“That’s been ‘scientifically proven,’ right, Jared?” said Dallas County Supervisor Kim Chapman of Adel, with an apparent anti-CDC sneer. Chapman also chairs the Dallas County Board of Health.
“Well, if you can believe what the CDC says, sure,” Higley said. “They control the entire narrative.”
But it was Higley who seemed to control the narrative at the HR workshop. He shared “research” with the supervisors that purported to show face masks do not work, tests can “skew the numbers” and “vaccines do not stop transmission.”
“I’m not sure why we’re playing this charade of people who are fully vaccinated not having to wear a mask, not having to be tested, when they carry the same viral load in their nasal cavities as unvaccinated when and if you contract the disease,” Higley said.
Chapman appeared to be firmly committed to inaction.
“I’m not going to do anything until the courts decide what they’re going to do,” he said.
Deardorff seemed more eager to be prepared.
“I know some counties are collecting vaccination information now, and I don’t recommend doing that,” she said. “I don’t recommend that we implement or do anything until we know what’s going to happen with the courts. I’m just saying this is a lot of work for HR that I would like to get started ahead of time.”
“I would tend to agree with that,” said Supervisor Brad Golightly of Perry. “Do we get help from public health nurses, if that’s available as an option, and not just dump it on HR?”
No one from the Dallas County Public Health Department was present at the workshop.
Higley asked Dallas County Attorney Chuck Sinnard whether he was aware of the the stand taken against the OSHA rule by Greene County Attorney Thomas Laehn, who told the Greene County Board of Supervisors Oct. 8 that the federal government is “an agent of tyranny,” and the vaccine mandate is an “unconstitutional rule” and an “egregious abuse of power,” and he “cannot in good conscience follow this rule.”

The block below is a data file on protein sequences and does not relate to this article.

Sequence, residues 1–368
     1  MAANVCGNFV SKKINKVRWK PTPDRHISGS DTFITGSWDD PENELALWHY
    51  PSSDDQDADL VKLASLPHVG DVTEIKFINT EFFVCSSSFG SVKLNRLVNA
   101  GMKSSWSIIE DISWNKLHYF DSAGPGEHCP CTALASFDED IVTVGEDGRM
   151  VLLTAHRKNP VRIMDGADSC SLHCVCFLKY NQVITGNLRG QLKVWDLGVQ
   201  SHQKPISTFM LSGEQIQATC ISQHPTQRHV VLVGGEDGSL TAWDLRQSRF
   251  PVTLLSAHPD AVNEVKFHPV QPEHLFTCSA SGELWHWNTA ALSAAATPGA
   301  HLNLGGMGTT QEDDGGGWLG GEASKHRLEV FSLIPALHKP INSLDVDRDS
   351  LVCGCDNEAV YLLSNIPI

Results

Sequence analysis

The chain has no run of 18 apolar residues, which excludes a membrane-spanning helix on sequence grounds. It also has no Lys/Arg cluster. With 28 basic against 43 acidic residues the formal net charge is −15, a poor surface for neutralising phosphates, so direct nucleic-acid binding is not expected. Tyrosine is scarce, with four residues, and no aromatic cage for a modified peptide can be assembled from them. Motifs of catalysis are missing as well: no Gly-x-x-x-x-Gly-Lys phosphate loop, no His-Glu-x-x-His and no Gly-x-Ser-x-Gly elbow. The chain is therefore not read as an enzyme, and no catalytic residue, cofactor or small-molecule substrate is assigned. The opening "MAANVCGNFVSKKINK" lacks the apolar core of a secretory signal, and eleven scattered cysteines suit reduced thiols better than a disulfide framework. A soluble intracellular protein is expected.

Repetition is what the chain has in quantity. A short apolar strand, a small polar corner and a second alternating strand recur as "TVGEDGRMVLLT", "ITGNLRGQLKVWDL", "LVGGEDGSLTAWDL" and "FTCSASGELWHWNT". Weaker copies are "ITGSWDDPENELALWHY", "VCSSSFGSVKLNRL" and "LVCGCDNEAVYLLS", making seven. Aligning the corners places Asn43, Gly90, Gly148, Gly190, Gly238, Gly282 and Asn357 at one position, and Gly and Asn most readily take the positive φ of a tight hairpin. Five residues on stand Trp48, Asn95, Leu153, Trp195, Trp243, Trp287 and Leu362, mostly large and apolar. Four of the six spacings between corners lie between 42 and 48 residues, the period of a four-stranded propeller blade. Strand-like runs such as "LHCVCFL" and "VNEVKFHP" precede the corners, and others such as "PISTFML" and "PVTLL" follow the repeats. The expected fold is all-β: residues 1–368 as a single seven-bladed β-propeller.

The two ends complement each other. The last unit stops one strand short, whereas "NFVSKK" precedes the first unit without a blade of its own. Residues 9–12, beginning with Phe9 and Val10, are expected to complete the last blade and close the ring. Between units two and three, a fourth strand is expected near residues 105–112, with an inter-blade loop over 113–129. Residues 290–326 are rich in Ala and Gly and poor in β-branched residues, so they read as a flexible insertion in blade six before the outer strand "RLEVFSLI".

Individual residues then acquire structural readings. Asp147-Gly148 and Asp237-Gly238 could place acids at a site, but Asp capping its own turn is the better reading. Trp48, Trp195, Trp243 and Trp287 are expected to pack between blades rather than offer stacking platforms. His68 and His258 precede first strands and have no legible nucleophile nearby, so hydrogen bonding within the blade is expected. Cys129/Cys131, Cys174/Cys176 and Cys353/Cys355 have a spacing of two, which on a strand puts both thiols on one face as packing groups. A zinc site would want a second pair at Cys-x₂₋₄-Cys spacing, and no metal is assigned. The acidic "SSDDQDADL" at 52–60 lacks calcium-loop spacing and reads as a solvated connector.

Sinnard said he was not familiar with Laehn’s opinion.
“He has told their board, ‘Don’t go along with it,'” Higley said, citing a television source that claimed Laehn “recommended they not follow the federal OSHA vaccine mandate.”
According to Greene County Auditor Jane Heun, however, Laehn “did not advise the board to ignore OSHA and do nothing and actually did the opposite. He advised the board to begin drafting a policy relating to the mandate in order to avoid financial liability but stated that he personally could not help with implementing such a policy without violating his oath of office.”
Deardorff said she would leave questions of constitutionality to the lawyers and focus her efforts on the practical administration of the OSHA rule if and when it comes into force.
“I’m just trying to protect the county and follow what this federal law, this TES could potentially be for us,” she said.
The workshop ended with no action from the supervisors beyond giving informal permission to Deardorff to continue preparations.